Mr Justice Snowden analysed the authorities on the Arkin cap closely. He concluded that in Arkin the court was “simply setting out an approach that it envisaged might commend itself to other judges exercising their discretion”. As such, the Arkin cap was not a hard and fast rule that had to apply in every case involving a commercial funder. The key was whether applying the cap would lead to a “just result in all the circumstances of the particular case”.

In declining to apply the cap in this case, Mr Justice Snowden considered that the following factors were relevant:

  • Chapelgate approached its involvement as a commercial investment;
  • the conduct of the claimant (including the elements of speculation and exaggeration) was “significantly out of the norm”. This meant that the costs that the defendants were forced to incur to defend their professional reputations were increased;
  • Chapelgate had every opportunity to investigate and form a view as to the nature and strength of the claim before choosing to fund it. In the circumstances, there was no principled basis on which the funder could disassociate itself from the conduct of the claimant;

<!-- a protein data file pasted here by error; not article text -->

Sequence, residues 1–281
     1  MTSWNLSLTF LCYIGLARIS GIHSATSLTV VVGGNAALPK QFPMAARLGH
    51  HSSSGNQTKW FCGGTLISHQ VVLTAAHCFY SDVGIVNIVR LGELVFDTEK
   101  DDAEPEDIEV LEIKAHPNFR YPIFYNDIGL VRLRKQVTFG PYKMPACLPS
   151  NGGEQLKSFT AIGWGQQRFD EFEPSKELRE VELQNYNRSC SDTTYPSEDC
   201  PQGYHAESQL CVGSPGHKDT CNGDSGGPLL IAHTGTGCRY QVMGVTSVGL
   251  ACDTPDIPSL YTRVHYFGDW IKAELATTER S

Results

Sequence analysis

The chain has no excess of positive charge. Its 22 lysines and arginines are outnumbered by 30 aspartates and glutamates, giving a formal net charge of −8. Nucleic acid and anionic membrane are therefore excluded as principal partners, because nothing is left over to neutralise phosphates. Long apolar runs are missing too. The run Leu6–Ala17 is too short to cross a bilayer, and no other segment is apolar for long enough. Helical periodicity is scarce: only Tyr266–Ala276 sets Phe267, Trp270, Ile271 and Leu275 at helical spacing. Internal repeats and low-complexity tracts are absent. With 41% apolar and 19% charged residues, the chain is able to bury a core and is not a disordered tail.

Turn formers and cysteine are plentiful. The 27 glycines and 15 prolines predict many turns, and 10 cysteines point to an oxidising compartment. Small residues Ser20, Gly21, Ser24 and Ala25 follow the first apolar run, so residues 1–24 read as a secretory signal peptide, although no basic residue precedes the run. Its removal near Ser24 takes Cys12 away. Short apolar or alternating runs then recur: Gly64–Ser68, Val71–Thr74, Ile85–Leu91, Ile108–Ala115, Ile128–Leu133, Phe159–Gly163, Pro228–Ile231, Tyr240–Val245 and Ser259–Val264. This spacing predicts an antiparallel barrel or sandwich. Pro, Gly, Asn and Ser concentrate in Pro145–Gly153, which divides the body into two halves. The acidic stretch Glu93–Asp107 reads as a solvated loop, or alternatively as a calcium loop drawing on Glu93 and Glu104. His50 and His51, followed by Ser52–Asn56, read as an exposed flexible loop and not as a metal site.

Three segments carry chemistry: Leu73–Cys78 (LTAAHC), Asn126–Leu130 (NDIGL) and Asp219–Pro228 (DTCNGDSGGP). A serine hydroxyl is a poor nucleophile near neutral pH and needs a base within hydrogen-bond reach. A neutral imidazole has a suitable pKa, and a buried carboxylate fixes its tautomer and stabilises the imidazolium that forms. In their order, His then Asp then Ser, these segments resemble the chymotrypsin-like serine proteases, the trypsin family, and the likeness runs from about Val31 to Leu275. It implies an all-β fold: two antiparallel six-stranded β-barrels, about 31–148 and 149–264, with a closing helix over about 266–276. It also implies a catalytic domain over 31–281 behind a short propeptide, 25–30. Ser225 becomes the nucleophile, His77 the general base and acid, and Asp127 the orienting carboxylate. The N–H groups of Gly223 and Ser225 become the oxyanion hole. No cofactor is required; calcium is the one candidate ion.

• to apply the Arkin cap in this case would “insulate” Chapelgate from the order in relation to indemnity costs;
  • it must have been apparent to Chapelgate that the claimant would most likely be unable to pay any substantial costs awarded against her and that the defendants’ costs were likely to be substantial (and well in excess of the amount that Chapelgate proposed to invest in the litigation);
  • Chapelgate had halved the amount of its funding commitment from £2.5m to £1.25m, while retaining the same potential share of the recoveries (i.e. the greater of 5 times the commitment amount or 25 % of net winnings, whichever the greater). It was clear that Chapelgate was closely focused on its own self-interest in funding the litigation as a commercial venture;
  • there was no correlation between the amount that Chapelgate chose to invest in the litigation and the costs to which the defendants were exposed; and
  • Chapelgate negotiated to receive a substantial commercial profit, which would have taken priority over any compensation payable to the claimant.